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Animal trader jailed, fined for trying to smuggle into Singapore endangered species hidden in food packaging

SINGAPORE — The co-owner of an exotic animals shop in Johor Baru, Malaysia was sentenced to two months’ jail and a fine of S$9,600 on Thursday (June 4), after pleading guilty to importing 22 illegal animals such as poison dart frogs and an Argentine tegu into Singapore.
Mitchell Edberg Li Heyi, 31, a Singaporean, also kept a California kingsnake — a non-venomous species — in his home.

In taking it to a buyer, Mitchell Edberg Li Heyi packed an Argentine tegu, a type of large lizard, into a plastic container and placed it in a cereal box.

In taking it to a buyer, Mitchell Edberg Li Heyi packed an Argentine tegu, a type of large lizard, into a plastic container and placed it in a cereal box.

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SINGAPORE — The co-owner of an exotic animals shop in Johor Baru, Malaysia was sentenced to two months’ jail and a fine of S$9,600 on Thursday (June 4), after pleading guilty to importing 22 illegal animals such as poison dart frogs and an Argentine tegu into Singapore.

Mitchell Edberg Li Heyi, 31, a Singaporean, also kept a California kingsnake — a non-venomous species — in his home. 

When he was nabbed at Woodlands Checkpoint in November last year, the authorities searched his car and discovered the creatures kept in separate plastic containers with no ventilation.

These included two leopard geckos, a sugar glider, 18 poison dart frogs of three different species and the black-and-white tegu — a type of large lizard. 

The poison dart frogs and Argentine tegu are endangered, while licences are required to legally import or keep any of the animals in Singapore.

Some of the live animals uncovered and seized from Mitchell Li's car. Photo: Immigration and Checkpoints Authority.

Thirteen of the frogs were destined for a Singaporean customer, Jonathan Wong Kai Kit. He was fined S$6,600 in April for abetting Li to import the amphibians into Singapore, in order to keep them as pets. 

Various types of poison dart frogs are among the most toxic animals in the world.

Li pleaded guilty to seven charges under the Animals and Birds Act and the Endangered Species (Import and Export) Act. These include failing to take reasonable steps to ensure that the animals were conveyed in a manner that did not subject them to unnecessary suffering.

Another 23 similar charges were taken into consideration for sentencing.

As he was unable to pay the fine, he will serve another four weeks and four days’ jail.

District Judge Adam Nakhoda also ordered him to pay S$10,900 to the National Parks Board (NParks) for expenses in housing the endangered creatures. 

Li told the court through his lawyer, Mr Tiah Kiang Choon, that he will serve two more weeks behind bars as he cannot pay that amount either.

KEPT THEM IN BISCUIT TINS, CEREAL BOX

The court heard that Li co-owned the Exotics Hub store in Johor Baru. He took orders from Singapore customers, collected the animals from suppliers in Malaysia and smuggled them across the Causeway.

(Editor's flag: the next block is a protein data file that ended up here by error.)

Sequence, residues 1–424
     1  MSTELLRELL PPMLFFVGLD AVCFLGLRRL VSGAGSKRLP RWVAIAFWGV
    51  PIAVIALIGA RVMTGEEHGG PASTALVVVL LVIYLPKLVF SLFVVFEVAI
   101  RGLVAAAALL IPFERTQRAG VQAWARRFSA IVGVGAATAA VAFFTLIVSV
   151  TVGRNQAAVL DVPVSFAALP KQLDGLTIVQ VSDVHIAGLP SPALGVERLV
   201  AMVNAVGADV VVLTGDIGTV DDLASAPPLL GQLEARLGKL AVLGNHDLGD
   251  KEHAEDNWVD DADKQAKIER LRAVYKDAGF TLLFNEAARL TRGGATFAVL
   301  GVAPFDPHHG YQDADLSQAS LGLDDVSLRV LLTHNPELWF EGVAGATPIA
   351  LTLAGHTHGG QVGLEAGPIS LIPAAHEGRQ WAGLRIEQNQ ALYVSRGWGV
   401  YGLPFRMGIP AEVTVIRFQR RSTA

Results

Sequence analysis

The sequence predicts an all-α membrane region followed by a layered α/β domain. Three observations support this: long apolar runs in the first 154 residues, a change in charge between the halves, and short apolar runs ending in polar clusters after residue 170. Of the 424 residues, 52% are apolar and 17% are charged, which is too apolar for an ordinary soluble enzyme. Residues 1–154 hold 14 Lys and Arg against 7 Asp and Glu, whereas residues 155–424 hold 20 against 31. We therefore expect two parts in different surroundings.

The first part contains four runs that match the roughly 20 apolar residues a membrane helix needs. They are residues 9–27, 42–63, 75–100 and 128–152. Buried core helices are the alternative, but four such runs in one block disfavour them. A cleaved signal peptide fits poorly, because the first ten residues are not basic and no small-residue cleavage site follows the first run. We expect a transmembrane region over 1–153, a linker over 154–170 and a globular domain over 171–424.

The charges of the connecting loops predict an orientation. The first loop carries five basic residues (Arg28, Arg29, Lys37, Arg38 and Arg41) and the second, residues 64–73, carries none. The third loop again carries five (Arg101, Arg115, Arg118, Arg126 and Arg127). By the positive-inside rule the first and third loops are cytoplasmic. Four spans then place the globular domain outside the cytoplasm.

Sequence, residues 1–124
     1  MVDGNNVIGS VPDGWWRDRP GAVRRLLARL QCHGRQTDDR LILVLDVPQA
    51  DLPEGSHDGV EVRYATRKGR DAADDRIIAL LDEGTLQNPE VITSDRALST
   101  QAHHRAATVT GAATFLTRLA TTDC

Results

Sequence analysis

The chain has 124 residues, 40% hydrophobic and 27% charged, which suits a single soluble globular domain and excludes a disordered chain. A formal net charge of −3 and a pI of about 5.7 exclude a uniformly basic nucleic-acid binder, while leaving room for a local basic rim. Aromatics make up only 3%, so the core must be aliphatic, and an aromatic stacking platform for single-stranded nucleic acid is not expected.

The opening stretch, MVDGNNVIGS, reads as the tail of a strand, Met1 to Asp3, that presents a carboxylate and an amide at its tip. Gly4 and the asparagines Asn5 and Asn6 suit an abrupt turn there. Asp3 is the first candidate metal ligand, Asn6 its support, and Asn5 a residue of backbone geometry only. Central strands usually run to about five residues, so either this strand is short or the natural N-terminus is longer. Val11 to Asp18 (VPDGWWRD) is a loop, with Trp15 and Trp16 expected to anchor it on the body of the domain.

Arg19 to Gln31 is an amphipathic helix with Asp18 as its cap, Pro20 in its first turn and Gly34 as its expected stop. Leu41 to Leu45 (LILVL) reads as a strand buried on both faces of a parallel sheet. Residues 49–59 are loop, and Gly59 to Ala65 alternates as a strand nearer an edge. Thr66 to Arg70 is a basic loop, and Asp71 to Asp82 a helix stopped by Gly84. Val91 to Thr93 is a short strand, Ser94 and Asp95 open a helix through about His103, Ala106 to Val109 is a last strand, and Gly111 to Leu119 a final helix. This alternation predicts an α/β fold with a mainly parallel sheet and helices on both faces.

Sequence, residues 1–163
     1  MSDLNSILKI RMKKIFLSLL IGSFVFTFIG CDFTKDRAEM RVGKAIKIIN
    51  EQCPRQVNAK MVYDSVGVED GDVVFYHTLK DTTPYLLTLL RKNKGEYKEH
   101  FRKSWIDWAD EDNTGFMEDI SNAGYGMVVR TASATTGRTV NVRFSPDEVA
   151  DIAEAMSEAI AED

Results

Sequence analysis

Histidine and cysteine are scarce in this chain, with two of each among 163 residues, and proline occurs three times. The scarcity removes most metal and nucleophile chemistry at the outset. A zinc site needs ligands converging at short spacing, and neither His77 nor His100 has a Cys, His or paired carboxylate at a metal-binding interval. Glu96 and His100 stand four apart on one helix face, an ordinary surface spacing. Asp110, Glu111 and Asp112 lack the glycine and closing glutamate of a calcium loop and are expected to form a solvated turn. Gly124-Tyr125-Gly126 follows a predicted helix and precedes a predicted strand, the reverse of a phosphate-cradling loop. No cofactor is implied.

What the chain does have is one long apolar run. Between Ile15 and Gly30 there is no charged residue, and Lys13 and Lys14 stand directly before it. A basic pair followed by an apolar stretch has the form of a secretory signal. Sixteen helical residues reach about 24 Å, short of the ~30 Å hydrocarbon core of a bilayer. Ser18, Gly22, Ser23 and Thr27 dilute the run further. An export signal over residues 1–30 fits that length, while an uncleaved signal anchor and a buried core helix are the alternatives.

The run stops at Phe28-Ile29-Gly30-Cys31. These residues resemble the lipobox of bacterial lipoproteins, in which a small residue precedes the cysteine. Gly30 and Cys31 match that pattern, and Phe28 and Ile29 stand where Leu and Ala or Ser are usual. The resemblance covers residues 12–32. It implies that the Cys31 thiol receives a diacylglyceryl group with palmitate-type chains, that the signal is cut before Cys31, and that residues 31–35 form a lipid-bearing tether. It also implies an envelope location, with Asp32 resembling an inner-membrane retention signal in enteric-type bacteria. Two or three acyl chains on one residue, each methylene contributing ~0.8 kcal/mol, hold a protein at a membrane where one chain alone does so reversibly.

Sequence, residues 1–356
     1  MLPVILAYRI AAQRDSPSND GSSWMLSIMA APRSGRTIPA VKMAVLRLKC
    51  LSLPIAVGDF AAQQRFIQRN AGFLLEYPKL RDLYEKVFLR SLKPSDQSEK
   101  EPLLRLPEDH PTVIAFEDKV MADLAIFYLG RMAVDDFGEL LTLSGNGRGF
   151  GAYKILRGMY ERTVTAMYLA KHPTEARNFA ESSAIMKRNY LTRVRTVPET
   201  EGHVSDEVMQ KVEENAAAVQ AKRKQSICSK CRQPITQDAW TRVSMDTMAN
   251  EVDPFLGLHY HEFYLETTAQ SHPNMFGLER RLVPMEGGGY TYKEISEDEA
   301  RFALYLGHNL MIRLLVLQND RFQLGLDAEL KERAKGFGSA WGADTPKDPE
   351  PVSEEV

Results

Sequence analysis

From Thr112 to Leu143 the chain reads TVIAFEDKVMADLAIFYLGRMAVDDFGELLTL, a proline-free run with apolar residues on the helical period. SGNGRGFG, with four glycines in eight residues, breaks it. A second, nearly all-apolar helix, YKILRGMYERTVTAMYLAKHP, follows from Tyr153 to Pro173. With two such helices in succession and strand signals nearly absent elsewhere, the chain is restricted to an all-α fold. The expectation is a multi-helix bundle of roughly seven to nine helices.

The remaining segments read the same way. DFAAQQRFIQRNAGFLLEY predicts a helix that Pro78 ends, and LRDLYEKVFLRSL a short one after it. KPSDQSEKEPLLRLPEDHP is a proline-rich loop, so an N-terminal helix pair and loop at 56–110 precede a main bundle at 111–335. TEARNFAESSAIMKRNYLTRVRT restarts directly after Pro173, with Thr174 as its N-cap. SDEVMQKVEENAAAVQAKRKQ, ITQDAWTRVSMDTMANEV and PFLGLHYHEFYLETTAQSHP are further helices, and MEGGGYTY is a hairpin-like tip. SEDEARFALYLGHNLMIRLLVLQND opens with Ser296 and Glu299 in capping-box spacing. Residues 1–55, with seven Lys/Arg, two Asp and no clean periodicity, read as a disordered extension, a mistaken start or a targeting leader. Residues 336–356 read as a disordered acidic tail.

In the wee hours of Nov 10 last year, he tried to drive through Woodlands Checkpoint but was caught by an immigrations officer with the animals in his car.

Li had placed the animals in individual plastic containers before putting the frogs and geckos in two separate sealed biscuit tins, while the tegu was placed in a breakfast cereal box. He then kept them there for at least five hours.

Frogs and geckos hidden inside a biscuit tin. Photo: Immigration and Checkpoints Authority.

Wong had ordered 13 of the frogs — six Anthony’s poison arrow frogs, three green-and-black poison dart frogs and another four dyeing poison dart frogs.

Another individual ordered the tegu for S$600 and paid a transportation fee of S$100. Li told the customer that he would deliver the animal to him at his residential address in Singapore.

Another man ordered two sugar gliders — a small marsupial native to Australia — from Li for S$180 and paid half that amount as a deposit. Court documents did not state why Li brought in just one sugar glider.

Ms Wendy Tan, prosecutor for NParks, said that one of the frogs died that day, while the others either eventually died or had to be put to sleep due to a fungal disease.

Li had to be “held at a higher standard” than a layperson as he was in the business of selling exotic animals, Ms Tan added.

Mr Tiah said in mitigation that his client did not receive high profits from his business — a few thousand dollars at the most.

The lawyer added that Li would have needed the animals to be alive and in good condition, given his business, but caused pain and suffering to them due to his lack of knowledge and “inadvertent error”.

Li worked as a private-hire driver but this was not enough to support his family, Mr Tiah said. 

“He seized the opportunity out of desperation to earn money to support his family and ensure that his daughter could continue receiving medical treatment,” the lawyer told the court.

For each charge under the Endangered Species (Import and Export Act), Li could have been fined up to S$50,000 for each species, jailed for up to two years, or both.

Related topics

animal abuse smuggling dart frogs Johor Baru court crime

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